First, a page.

European businesses predict AI will generate more revenue than human workers by 2028

Almost half of those surveyed believe AI will be in charge of business decisions by 2035

Rachel England

December 4, 2020

2 Min Read

Almost half of those surveyed believe AI will be in charge of business decisions by 2035

Professionals in Europe believe that AI will generate more revenue for their organizations than human workers in just eight years’ time, according to a study by Citrix.

The company surveyed 1,200 business leaders and employees throughout Europe about their vision for the future of work.

The majority of respondents said AI will take on a key role in revenue generation and profitability, leaving human workers free to focus on creative and strategic work.

According to the study, four in five (81%) business leaders believe that by 2035 every organization will have a CAI – a chief artificial intelligence – which will work with the CEO to make business decisions.

Surprisingly, around half (48%) of business leaders are prepared to take this even further, predicting that within the same timeframe, there may be no traditional leadership team at all, as AI could be ready to make most business decisions.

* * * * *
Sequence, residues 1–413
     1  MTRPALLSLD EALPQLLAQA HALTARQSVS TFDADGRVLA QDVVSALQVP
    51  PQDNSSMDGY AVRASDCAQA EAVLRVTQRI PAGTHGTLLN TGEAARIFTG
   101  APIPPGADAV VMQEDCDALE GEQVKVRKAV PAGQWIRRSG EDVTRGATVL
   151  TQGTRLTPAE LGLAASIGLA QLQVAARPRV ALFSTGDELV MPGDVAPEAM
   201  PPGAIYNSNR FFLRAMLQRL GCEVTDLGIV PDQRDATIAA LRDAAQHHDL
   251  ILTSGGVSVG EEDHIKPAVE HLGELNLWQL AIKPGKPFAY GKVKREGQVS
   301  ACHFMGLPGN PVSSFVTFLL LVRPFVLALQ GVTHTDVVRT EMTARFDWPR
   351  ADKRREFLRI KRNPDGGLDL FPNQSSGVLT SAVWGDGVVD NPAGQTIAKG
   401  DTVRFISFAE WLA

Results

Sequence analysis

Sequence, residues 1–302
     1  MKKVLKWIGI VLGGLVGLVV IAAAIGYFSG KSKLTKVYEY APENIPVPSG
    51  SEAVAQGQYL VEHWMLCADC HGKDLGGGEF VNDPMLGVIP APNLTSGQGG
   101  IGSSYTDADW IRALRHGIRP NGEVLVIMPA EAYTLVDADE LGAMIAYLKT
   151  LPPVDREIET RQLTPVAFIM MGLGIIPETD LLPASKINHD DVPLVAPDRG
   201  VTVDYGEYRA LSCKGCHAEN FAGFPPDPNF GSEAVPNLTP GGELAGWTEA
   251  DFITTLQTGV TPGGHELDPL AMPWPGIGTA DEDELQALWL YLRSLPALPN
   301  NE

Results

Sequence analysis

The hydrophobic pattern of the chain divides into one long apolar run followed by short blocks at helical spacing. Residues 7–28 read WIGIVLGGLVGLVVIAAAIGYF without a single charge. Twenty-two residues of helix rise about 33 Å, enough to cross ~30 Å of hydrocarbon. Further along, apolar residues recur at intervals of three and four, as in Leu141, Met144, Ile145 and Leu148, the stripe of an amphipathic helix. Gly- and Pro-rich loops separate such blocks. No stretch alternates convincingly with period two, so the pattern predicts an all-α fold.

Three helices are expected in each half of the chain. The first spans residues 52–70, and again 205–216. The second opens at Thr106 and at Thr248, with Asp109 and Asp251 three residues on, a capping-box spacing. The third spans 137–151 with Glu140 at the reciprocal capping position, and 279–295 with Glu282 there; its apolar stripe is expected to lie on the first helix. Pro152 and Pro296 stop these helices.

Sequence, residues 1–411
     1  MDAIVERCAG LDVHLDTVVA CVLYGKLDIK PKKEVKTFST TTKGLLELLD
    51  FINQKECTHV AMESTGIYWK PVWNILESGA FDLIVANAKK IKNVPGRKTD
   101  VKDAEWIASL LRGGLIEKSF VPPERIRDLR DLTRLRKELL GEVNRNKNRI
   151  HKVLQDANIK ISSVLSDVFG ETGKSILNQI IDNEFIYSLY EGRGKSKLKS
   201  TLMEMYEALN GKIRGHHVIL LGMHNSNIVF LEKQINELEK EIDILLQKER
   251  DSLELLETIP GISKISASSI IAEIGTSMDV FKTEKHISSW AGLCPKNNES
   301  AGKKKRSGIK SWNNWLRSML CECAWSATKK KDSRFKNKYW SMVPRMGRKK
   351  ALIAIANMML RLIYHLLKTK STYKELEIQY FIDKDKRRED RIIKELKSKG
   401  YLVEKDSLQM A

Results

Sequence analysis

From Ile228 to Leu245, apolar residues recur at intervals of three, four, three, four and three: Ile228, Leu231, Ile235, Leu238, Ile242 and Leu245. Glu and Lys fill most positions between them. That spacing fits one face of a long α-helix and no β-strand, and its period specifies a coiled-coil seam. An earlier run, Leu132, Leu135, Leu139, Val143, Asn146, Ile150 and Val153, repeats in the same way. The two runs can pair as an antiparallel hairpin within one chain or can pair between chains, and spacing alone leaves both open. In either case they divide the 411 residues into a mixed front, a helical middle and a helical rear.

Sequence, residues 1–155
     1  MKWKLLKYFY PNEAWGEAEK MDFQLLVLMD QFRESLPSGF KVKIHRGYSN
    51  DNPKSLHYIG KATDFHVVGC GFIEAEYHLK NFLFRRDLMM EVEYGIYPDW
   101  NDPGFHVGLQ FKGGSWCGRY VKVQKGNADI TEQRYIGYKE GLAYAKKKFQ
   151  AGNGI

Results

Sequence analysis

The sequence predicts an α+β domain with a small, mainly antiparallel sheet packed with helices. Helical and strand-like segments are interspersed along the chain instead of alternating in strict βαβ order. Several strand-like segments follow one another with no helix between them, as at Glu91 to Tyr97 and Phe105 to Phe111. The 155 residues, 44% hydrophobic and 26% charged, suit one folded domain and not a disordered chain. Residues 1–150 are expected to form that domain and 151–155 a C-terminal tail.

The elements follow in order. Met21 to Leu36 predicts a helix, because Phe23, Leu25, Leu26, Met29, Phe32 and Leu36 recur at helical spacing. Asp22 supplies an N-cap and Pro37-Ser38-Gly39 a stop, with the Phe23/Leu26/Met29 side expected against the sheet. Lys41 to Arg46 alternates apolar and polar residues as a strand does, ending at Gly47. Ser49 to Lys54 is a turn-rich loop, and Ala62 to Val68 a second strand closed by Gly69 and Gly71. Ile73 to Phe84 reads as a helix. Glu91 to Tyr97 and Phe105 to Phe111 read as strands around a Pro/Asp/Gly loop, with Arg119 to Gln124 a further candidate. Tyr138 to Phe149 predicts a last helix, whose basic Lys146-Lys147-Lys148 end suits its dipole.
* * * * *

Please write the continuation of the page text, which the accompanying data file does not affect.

AI will also be a significant factor in upskilling human workers, according to 91% of business leaders.

A similar number (85%) believe AI will significantly speed up decision-making processes, making them more productive at work. This could be through AI-based systems gathering facts, processing large amounts of business performance data, or conducting initial analysis and presenting options for decision-makers to review and act upon.

The biggest driver for growth

Ultimately, more than three-quarters (77%) of professionals surveyed said that by 2035, investment in AI will be the biggest driver of growth for their organization.

“Rapid technology developments and a fast-shifting geopolitical landscape are reshaping the way we live and work. As intelligent technologies automate the burden of repetitive, task-based work, uniquely human skills like creativity and the ability to learn will drive future value,” said Darren Fields, regional vice president of Citrix UK and Ireland.

“The future of work is the space to succeed, and our study shows that we are on the brink of some watershed moments in the evolving relationship between people and technology in the workplace.”

Fields added that the impact of the coronavirus pandemic will help accelerate AI uptake. “As businesses strive to recover from the huge impacts of the crisis, changes are bound to happen quicker than they would have done otherwise – as we’ve seen,” he said. “As businesses work to make efficiency savings and shore up success in an uncertain world, there is potential for them to succeed by cultivating a workforce that is empowered to adapt to changing conditions and to think, learn, create and innovate.”


About the Author(s)

Rachel England

Freelance journalist Rachel England has covered all aspects of technology for more than a decade. She have a particular interest in sustainability-focused tech innovation, and has once attended a green business expo dressed as a recycling bin.

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